The world's attention has been focused on Chile since the Aug. 5 collapse of the San Jose copper and gold mine near Copiapo — especially once it was discovered, 17 days after the collapse, that all 33 miners who had been trapped underground were alive and well.
Have a question about the Chilean mine rescue? Send it to us, and we'll answer it in this story.
After weeks of digging, rescuers started pulling miners up to the surface on Oct. 12. The operation took about 22 hours.
Readers and viewers have had many questions about the rescue process. Below are some of the most common, but send yours to CBC News, and we will update them in this article.
How deep were they?
The miners were more than 600 metres below the surface. After an initial drill attempt failed to connect with them, it was halted after going down almost 600 metres.
The second "Plan B" drill was successful, reaching 624 metres below the surface. That was the shaft eventually used in the rescue mission.
How much space did they have?
CBC News.ca community member Grey Gardens asked how much physical space the 33 miners had to occupy. The miners were trapped in an approximately 500-square-foot cavern about the size of a small, studio apartment.
- The technology behind the rescue
- Mental health while underground
- Health issues facing the miners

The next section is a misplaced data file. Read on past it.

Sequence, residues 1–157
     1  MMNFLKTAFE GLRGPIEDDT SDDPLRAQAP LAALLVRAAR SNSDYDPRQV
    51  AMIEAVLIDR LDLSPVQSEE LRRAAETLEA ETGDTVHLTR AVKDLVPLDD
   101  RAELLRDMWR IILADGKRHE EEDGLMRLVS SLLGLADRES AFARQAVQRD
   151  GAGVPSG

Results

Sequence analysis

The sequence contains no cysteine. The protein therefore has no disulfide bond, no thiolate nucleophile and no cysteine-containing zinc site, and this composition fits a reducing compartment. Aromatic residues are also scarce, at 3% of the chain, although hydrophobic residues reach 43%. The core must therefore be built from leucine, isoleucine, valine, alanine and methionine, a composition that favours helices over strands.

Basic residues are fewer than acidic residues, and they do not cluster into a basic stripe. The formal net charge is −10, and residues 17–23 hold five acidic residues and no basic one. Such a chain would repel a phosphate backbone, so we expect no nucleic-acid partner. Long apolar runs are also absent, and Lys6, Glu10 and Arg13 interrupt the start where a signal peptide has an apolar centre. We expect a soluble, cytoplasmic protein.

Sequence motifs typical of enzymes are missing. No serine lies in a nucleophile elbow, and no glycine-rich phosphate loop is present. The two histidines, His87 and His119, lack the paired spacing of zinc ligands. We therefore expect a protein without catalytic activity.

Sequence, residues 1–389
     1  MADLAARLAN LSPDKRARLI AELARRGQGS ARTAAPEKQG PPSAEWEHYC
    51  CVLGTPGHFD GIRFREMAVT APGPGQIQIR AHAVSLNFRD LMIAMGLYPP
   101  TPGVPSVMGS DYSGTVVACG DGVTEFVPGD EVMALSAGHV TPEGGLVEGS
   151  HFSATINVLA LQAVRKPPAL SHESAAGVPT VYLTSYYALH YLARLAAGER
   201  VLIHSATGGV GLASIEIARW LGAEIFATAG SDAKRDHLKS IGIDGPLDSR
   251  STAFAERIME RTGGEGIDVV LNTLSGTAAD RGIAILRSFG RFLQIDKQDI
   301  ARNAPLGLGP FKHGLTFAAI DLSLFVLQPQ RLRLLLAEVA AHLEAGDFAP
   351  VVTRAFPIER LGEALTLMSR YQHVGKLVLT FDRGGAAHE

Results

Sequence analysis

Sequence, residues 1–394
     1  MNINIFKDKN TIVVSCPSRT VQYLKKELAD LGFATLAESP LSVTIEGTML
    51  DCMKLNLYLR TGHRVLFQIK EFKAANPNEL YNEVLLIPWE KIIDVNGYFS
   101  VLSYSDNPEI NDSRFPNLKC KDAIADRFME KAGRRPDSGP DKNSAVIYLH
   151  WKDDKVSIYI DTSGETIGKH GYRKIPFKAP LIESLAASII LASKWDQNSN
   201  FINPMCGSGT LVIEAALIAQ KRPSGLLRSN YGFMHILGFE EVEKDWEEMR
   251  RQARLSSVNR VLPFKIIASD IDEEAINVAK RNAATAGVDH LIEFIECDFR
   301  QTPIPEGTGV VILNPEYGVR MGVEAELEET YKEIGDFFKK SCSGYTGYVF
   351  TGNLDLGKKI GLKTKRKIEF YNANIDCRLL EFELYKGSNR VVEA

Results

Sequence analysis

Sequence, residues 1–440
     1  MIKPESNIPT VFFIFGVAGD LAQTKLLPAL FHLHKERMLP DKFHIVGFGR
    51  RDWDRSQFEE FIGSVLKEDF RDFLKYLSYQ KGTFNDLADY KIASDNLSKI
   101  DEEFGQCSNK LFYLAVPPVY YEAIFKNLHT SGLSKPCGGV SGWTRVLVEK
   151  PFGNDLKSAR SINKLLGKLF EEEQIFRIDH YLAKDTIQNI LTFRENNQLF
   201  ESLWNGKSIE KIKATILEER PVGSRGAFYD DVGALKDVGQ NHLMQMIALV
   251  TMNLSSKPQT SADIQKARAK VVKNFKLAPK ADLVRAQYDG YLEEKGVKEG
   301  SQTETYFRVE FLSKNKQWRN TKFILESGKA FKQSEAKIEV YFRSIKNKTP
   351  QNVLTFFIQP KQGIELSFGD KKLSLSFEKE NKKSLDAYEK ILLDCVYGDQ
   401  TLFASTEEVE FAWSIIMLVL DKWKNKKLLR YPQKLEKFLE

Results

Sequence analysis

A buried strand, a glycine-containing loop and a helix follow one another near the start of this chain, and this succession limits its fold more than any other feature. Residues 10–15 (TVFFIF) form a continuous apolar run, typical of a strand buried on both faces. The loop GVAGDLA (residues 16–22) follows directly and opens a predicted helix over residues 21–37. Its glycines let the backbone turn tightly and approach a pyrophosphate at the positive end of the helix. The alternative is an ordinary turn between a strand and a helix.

- The drilling operation
Dr. Alberto Goldwaser, a professor of psychiatry at NYU medical school, answered your questions on the health of the rescued miners.
What are some of the dangers?
The main risk was rocks falling down the shaft and either damaging the rescue shuttle (nicknamed Phoenix) or getting jammed between the shuttle and the walls of the hole, impeding the shuttle's progress either up or down.
Officials lined the uppermost portion of the shaft with metal sheeting to guard against falling rocks. The rescue shaft was also curved at a roughly 11-degree angle at the top, which made it difficult to install metal sheeting the whole way down.
Are there medical concerns?
The mission began at night in Chile, in part to avoid the sun. After not having seen any light sources in more than two months, doctors were worried the miners' retinas would be damaged. They were given powerful sunglasses to wear on arrival at the surface.
Officials worked diligently to ensure the miners had the strength of character to deal with spending as much as one hour upright in a 190 cm by 54 cm metal capsule inside a dark tunnel. The Phoenix had an escape hatch if anything went wrong, so the miners could return to the mine. The capsule was also equipped with communications equipment, food and water.
Some of the miners have hypertension and other heart problems, so steps were taken to ensure they would remain calm throughout the journey and get medical attention as quickly as possible when they reached the surface. All were given flu shots. Aspirin was sent down to thin their blood. They all did 20 minutes of cardiovascular exercise every day — and each miner fasted for eight hours before boarding the capsule — to ensure they were as small as possible for the trip.
Some of the miners developed respiratory, skin and dental ailments after having spent two months in the humid, dirty mine environment. That much time in a closed environment could also make their immune systems susceptible to other diseases once they are above ground. The miners all wore a specially made harness to monitor their heart rate, breathing, temperature and oxygen consumption during the ascent.